Since the passing of the Bill, several agencies, including those of the UN, the private sector, government and civil society, have been on the job of rehabilitation. But hurdles still remain. Untouchability is one.

When a manual scavenger was given a loan to start a kirana shop in her village, the only people who patronised it were from her own caste. The shop was shunned by the others. In the same way, when another woman turned into a vegetable vendor, no one would buy from her and she had to shift base to another village. “We then started to send our children on the bicycle to other villages so that their caste would not be detected,” recalls 40-year-old Tasleema Bee from Ujjain. She belongs to the Muslim Hela community that changed its religion years ago to escape caste oppression, but found that the stigma continued. Tasleema says that even liberation did not help. When scavengers looked for employment, they were again offered only cleaning and other related jobs by Gram Panchayats and city corporations.

Picking up new threads

But thanks to the concerted efforts of the Rashtriya Garima Abhiyan, the Governments of Madhya Pradesh, Maharashtra, Rajasthan, Bihar and Uttar Pradesh are now in different stages of liberation and rehabilitation.

Madhya Pradesh leads the way with more and more scavengers discarding the basket and embracing the pilot projects. Enterprises making garments, agarbatti (incense sticks) and masala as also fisheries are forging ahead to make the difference.

Dewas in Madhya Pradesh is where the rehabilitation is being done with a concerted effort. It's around 44 degrees Celsius outside and the fan in the small room rotates at a slow pace. The heat, however, does not seem to deter the 12 women who are working on their sewing machines. Each is stitching a ladies kurta. The tiny room in a decrepit gulley is the Dignity Garment Production Unit at Bhawrasa, part of a pilot project that provides economic security to scavengers.

“We are happy doing this and learning something we can depend upon for our livelihood,” says 35-year-old Chaman Bee from the Dalit Muslim Hela community. She struggled as a manual labourer and often had no employment, but now has found her forte in stitching garments. Though each of the women earns between ₹1,500 to ₹2,000 a month currently, the earning will increase once they hone their skills.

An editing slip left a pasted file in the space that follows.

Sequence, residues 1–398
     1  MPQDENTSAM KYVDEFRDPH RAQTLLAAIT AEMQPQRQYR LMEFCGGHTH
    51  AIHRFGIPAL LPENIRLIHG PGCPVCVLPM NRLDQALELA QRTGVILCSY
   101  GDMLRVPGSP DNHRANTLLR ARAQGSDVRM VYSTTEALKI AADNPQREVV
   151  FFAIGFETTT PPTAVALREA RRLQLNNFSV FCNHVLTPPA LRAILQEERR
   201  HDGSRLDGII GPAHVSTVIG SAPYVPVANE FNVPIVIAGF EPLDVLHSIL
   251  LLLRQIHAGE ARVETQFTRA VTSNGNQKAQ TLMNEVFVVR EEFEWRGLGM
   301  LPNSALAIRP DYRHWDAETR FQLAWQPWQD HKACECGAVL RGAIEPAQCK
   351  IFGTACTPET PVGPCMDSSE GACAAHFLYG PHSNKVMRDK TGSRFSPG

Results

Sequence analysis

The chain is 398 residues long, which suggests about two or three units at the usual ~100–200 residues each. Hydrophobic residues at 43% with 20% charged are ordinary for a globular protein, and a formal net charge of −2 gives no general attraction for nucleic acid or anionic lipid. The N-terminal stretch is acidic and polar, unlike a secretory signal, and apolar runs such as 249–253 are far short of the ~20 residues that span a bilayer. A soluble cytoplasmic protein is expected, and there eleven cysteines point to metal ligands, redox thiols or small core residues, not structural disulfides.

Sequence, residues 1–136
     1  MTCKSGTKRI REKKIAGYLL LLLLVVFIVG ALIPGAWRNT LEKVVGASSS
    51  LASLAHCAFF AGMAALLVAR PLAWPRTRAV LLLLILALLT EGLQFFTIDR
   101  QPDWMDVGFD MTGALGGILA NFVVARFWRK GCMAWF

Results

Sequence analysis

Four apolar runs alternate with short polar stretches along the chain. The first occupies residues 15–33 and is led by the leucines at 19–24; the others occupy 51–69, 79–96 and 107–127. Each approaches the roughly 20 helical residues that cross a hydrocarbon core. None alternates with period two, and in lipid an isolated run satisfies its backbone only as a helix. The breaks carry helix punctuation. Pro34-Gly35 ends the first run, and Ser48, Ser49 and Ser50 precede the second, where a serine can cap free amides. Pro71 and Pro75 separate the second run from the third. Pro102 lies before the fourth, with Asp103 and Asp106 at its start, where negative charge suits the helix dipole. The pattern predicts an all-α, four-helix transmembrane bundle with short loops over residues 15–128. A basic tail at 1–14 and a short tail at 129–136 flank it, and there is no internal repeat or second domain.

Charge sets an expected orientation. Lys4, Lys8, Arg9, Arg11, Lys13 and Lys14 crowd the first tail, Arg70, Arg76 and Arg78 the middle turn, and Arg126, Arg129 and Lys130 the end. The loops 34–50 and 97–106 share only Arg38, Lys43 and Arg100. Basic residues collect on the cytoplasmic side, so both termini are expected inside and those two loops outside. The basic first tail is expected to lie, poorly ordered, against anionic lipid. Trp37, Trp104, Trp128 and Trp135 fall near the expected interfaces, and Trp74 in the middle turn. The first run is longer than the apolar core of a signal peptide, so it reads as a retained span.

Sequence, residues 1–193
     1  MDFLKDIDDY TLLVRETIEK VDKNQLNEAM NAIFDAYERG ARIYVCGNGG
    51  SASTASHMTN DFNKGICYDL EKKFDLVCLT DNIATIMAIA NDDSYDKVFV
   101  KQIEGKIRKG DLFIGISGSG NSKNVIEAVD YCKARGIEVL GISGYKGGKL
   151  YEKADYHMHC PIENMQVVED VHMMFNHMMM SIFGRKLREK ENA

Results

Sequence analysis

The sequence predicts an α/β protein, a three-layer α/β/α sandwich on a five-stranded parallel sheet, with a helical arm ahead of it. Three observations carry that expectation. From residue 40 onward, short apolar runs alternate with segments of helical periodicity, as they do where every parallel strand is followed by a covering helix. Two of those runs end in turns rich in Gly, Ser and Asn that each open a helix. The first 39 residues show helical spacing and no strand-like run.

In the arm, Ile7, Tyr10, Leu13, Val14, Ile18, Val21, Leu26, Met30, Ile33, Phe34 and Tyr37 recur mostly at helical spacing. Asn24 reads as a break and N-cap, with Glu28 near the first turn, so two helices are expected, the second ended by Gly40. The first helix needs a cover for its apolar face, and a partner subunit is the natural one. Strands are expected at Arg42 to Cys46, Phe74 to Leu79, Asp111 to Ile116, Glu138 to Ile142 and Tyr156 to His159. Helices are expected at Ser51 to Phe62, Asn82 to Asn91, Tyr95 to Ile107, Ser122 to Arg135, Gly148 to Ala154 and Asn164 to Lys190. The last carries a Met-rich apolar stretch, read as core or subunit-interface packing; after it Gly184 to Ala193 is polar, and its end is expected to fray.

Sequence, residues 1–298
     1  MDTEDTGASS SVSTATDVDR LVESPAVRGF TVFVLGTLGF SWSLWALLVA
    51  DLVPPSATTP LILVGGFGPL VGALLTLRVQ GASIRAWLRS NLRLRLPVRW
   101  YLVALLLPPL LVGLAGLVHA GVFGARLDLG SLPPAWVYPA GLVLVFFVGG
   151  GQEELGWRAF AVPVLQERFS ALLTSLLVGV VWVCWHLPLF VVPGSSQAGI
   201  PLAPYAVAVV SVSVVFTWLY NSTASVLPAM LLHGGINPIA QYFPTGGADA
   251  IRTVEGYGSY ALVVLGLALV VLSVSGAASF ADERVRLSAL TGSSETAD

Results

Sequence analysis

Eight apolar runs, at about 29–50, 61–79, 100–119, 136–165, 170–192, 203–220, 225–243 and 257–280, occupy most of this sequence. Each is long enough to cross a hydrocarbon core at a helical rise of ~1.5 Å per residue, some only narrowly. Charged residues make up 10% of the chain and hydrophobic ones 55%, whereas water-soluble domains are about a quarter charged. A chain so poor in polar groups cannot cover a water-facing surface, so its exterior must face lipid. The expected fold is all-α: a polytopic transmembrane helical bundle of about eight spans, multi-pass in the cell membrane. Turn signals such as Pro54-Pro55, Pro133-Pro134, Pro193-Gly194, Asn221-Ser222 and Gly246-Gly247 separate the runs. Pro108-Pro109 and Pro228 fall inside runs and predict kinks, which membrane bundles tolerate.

For the garments pilot project named ‘A Hundred Hands,’ sewing machine manufacturer Usha International has come forward to help. It provides technical training and sewing machines to the eight large production centres and the 50 small units where women are being trained to cut, stitch and design garments that will feed into a private company founded by Shaikh and ‘liberated’ scavengers Lali bai and Aarti. The company was launched in September 2014 by actor Aamir Khan, who named it Dignity & Design. While the women's products are being sold right now at village markets, they soon expect to get orders from established boutiques.

The incense answer

In the temple town of Ujjain, an agarbatti making unit has been set up at Juna Sowmwariya Helawadi. Based out of a large tin shed in the Tarana block and situated close to around 4,000 Hela community households, the unit is headed by Tasleema Bee. Known for her spunk, Tasleema fought an election for the panchayat ward. Despite tremendous opposition from those belonging to the higher caste, she won, thanks to her grit and unity among Dalits in her village.

At the unit, women do not roll the incense sticks by hand in the traditional time consuming manner. They use agarbatti making machines that are fed with charcoal mixture and incense sticks. “I used to embroider Bohra caps that are worn to the mosque. But orders stopped coming. Here I earn between ₹100 and ₹150 every day and can go home for a while to keep an eye on my two children,” says 20-year-old Farzana who works at the unit along with her 42-year-old mother, Afroze.

Tasleema explains that earlier the incense sticks were being supplied to ITC Limited. Jan Sahas now has its own incense brand Avinav.

Seeing opportunity in adversity

Jan Sahas has also made agriculture an occupation for the community and provides technical inputs whenever required. Today 4,000 acres is being developed in Madhya Pradesh and Rajasthan, giving livelihood to about 1,800 families.

But the community had to fight to retain the land, which was given by the government in 2005. Some from the upper caste tried to wrest away the land. “What a war we had to wage for our right to the land. We were 25 women who stuck it out. For five-six years it was a big struggle, with all of us frequently at the police station or at a sit down protest. Today, we grow maize, soyabean, pulses,” says Baddi Bai Rathore of Nimaj district, Rajasthan who was in Dewas for a training session organised by Jan Sahas.

In Madhya Pradesh, a group of liberated scavengers has also managed to lease a talab (pond) from the government for 15 years. The result is a fishery collective in Sehour district's Sidhiganj village, where members are being trained in every aspect of the business.

Despite the successes, more needs to be done. “The aim is to build a platform for representatives of government, UN bodies, public and private sector, social entrepreneurs and civil society for promoting rehabilitation and replicate the pilot in other areas,” explains Shaikh.

As for the acceptance of scavengers in the villages, there are still many shades of grey. In some pockets the discrimination continues. In other villages the dominant castes, up against united Dalits, have accepted the situation.

However, discrimination is less than before, say the women. “Since we left the 'dirty' work, our families are more integrated in the villages and are invited for functions. Our husbands get jobs. Our children are more accepted in the schools. It has been a long battle, no doubt,” says Tasleema.

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Published on June 22, 2015